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Following the economic shocks of 2007/08 a spotlight has been thrown on how best to support effective business rescue and employment protection. However, business rescue and employment protection often tend to conflict in law and policy.
Employees attached to the sale of a business often represent a liability by reducing the business's intrinsic value and deterring business acquisitions in view employment liabilities that transfer by operation of the Acquired Rights Directive. As such, a balance must be sought between the conflicting policy objectives of business rescue and employment protection.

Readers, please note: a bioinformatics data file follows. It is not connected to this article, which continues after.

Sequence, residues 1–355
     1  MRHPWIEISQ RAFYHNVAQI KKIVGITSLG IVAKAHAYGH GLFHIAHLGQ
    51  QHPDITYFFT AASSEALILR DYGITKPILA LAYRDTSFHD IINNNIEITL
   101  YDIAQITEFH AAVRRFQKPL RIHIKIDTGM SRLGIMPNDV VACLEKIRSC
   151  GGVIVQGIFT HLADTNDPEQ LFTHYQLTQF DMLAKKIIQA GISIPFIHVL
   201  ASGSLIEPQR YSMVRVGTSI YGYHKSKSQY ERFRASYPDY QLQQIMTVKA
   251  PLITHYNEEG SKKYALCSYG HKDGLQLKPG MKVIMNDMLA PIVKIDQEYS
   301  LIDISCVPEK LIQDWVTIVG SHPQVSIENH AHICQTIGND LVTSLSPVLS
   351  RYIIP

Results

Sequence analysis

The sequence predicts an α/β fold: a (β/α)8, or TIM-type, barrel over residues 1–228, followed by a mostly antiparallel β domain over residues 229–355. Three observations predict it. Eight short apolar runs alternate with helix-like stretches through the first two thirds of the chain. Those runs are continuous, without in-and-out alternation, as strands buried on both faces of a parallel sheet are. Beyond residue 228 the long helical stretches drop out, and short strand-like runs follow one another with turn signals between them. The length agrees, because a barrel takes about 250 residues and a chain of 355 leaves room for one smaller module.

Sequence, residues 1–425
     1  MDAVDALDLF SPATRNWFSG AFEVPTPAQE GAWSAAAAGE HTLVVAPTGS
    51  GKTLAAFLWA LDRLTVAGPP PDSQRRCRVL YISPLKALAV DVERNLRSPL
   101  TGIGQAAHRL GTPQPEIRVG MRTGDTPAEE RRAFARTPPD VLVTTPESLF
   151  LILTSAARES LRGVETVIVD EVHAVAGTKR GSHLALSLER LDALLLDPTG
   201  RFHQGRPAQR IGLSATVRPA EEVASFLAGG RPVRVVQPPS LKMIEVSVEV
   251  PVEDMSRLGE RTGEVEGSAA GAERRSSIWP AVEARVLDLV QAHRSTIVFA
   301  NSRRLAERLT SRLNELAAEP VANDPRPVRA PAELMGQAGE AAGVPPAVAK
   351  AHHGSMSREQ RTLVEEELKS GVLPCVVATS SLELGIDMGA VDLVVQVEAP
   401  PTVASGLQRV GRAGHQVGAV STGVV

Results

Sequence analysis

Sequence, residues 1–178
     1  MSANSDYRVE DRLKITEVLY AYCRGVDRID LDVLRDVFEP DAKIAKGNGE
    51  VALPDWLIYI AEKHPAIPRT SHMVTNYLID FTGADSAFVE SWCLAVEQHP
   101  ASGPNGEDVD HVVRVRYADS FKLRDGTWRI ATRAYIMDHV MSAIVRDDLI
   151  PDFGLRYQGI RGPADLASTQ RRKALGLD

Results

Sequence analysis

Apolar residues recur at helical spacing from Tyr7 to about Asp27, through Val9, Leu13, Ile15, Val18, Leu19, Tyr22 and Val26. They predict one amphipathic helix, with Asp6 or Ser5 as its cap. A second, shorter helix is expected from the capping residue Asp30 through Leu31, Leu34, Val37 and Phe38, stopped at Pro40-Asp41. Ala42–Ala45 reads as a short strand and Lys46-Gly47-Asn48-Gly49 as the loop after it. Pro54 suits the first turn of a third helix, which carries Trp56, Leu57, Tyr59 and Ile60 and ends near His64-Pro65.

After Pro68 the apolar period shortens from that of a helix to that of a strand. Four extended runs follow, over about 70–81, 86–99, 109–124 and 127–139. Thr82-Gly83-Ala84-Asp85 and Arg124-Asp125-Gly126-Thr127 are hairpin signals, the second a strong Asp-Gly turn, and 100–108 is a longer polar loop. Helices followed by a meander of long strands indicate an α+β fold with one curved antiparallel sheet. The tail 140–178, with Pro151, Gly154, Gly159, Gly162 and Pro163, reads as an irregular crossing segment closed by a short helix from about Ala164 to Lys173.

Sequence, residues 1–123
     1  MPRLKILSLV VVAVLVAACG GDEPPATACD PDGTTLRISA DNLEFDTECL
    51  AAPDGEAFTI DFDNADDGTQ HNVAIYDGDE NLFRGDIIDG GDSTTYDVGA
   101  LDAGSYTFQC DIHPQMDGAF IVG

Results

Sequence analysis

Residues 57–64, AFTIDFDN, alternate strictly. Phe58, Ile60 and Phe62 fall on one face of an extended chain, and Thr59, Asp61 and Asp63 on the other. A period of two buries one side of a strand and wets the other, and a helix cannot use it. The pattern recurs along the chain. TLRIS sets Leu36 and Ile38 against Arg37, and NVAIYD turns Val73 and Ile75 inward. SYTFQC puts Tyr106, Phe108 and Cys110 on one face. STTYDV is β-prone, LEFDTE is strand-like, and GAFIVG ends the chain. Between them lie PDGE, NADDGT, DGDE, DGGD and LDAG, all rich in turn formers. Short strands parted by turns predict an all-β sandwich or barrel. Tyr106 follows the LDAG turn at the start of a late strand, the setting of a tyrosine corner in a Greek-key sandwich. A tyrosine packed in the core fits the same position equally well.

This book presents an investigation based on a comparative legal historical analysis of the approaches taken to balancing employment protection and business rescue in the United Kingdom and France, chosen due to their legal and political influence in the EU and their archetypically different legal systems.
This approach is useful as a background to future reform efforts as it explains how particular jurisdictions might receive and then implement such reforms given the underlying aims of business rescue and employment protection policies.